I use this simple CW transmitter for working through the RS13 satellite. Using just 10 Watts and a dipole at 3M above ground, I have made many contacts around Europe and across the Atlantic.


160MHz/14MHz Mixer PCB

The 146 MHz signal is generated by mixing the signal from a 14 MHz VFO with the 160 MHz output from an 80MHz crystal oscillator and frequency doubler. The oscillator is a standard 5V TTL 'oscillator in a tin can.' If you can't find a suitable 80MHz oscillator, try using a 66 MHz oscillator and a 14 MHz VFO, 66 * 2 = 132 + 14 = 146.



A 7805 voltage regulator provides a stable 5V supply to the crystal oscillator module. The 80 MHz output from the oscillator drives a frequency doubler, Q1. The 80 MHz fundamental signal and any unwanted harmonics are removed by a band pass filter. Q1 is a 2n2369 or similar VHF transistor. L1 is 5 turns of 1mm Copper wire, 7mm Dia. The turn spacing is equal to the wire diameter. L2 is 5T tapped at 1T.



The 160MHz signal from the osc/doubler circuit is mixed with a 14 MHz signal from a free running VFO. The VFO that I use is very similar to the VFO for the 80M SSB transceiver, see my index page for details. The mixer is an SBL1 DBM. The mixer I.F. port is terminated by a 4dB attenuator, this is followed by a 145MHz band pass filter and another 4dB attenuator. L3 and L4 are similar to L2, 5T tapped at 1T. The turn spacing is about 1.5 times the wire diameter. The amplifier, Q2 makes up for the 15dB loss of the mixer,attenuators and band pass filter. Q2 should be a UHF high gain, low noise device. I used a BFR91.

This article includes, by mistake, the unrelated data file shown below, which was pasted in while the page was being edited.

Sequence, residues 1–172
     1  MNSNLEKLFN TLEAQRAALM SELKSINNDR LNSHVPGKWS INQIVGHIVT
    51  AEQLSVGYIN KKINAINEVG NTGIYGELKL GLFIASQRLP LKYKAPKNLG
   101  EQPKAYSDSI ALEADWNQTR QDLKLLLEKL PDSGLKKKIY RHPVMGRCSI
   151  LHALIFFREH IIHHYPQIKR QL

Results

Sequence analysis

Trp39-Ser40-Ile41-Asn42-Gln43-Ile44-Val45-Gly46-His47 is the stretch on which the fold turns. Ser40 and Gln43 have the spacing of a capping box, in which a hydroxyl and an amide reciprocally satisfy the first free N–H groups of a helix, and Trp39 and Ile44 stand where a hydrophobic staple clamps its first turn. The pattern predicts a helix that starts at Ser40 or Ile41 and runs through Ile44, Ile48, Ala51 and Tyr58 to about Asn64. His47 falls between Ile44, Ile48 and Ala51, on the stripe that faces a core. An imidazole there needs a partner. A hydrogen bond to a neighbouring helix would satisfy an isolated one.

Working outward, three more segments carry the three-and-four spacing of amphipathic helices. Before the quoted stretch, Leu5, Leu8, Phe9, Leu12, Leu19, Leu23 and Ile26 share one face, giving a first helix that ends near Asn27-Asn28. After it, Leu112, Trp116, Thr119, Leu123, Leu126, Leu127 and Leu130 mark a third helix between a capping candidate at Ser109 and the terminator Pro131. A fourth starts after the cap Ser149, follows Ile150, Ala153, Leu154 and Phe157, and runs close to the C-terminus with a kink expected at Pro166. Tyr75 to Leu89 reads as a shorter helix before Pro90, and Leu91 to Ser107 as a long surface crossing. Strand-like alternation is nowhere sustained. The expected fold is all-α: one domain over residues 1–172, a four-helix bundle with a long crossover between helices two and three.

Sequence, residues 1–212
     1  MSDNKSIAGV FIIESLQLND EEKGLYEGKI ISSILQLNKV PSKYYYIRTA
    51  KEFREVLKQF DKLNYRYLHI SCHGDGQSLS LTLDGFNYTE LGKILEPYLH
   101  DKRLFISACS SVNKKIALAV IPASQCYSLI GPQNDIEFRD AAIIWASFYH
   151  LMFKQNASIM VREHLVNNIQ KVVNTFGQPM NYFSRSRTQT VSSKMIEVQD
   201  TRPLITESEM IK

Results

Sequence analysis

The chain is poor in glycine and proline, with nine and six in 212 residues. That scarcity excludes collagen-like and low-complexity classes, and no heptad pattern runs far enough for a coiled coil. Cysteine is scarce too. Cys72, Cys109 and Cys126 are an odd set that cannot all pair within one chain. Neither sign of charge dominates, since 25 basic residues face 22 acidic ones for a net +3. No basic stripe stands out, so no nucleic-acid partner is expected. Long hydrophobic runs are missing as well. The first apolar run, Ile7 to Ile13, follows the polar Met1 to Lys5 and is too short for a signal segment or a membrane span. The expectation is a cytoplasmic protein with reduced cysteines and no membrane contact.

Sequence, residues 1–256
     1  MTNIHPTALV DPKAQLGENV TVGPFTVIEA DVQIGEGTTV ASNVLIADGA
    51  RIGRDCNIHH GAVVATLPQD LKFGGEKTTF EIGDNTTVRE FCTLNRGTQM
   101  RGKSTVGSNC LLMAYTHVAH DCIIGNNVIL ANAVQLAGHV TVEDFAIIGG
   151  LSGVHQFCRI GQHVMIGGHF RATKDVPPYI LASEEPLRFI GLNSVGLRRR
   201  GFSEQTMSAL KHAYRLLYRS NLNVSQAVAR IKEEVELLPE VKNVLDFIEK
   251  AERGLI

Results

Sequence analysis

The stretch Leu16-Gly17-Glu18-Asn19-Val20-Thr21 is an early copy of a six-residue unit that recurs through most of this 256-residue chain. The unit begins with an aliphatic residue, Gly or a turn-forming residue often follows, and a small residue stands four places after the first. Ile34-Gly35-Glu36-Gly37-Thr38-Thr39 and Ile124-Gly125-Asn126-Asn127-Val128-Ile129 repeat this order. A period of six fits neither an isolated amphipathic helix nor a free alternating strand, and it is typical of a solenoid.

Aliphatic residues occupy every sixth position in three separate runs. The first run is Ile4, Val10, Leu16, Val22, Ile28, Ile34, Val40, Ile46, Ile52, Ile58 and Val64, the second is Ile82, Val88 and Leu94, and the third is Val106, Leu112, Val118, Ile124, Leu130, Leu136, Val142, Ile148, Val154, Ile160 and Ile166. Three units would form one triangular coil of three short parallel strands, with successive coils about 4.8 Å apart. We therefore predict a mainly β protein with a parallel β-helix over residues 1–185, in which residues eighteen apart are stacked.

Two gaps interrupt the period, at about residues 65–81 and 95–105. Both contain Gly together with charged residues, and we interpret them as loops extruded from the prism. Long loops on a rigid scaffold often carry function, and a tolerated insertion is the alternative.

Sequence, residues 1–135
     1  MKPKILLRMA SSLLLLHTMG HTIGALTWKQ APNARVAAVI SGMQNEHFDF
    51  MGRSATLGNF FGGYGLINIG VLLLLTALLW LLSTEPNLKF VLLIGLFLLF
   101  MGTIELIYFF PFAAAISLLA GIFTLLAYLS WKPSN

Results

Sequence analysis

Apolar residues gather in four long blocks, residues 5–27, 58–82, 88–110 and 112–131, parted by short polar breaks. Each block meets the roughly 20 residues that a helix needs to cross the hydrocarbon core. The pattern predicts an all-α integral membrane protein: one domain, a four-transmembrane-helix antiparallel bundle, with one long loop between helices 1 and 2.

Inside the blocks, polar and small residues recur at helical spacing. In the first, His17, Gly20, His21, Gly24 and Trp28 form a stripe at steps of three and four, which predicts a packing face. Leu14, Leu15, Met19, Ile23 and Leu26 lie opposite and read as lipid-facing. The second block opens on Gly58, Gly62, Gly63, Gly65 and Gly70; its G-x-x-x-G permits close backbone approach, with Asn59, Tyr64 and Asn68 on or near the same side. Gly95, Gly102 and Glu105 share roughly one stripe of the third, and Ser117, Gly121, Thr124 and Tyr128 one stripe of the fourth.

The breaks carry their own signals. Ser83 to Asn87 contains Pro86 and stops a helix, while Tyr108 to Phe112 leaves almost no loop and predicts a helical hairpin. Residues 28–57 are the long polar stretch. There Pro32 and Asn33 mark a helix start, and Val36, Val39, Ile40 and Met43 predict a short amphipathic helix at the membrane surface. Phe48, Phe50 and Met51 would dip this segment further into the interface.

The low level amplifier increases the signal from the mixer/amp stage to several hundred mW. Q3 is a 2N2369, Q4 is a 2N4427. RFC's are 1 microHenry.



The driver and PA are built on one side of a rectangular piece of double-sided PCB. The board is not etched, all connections are wired point to point (Ugly Construction). The driver is an SD1012. The PA is an SRF1585. Both transistors are mounted on a heatsink. The output matching network will not give sufficient harmonic suppression. A low pass filter (see below) must be used.


L1 and L3 are 4 Turns of 1mm wire 7mm I.D. L2 is 4.5 Turns 7mm I.D.

This is not a project for the beginner. Correct alignment of the band pass filters and matching networks is necessary to ensure that there are no spurious signals at the transmitter output.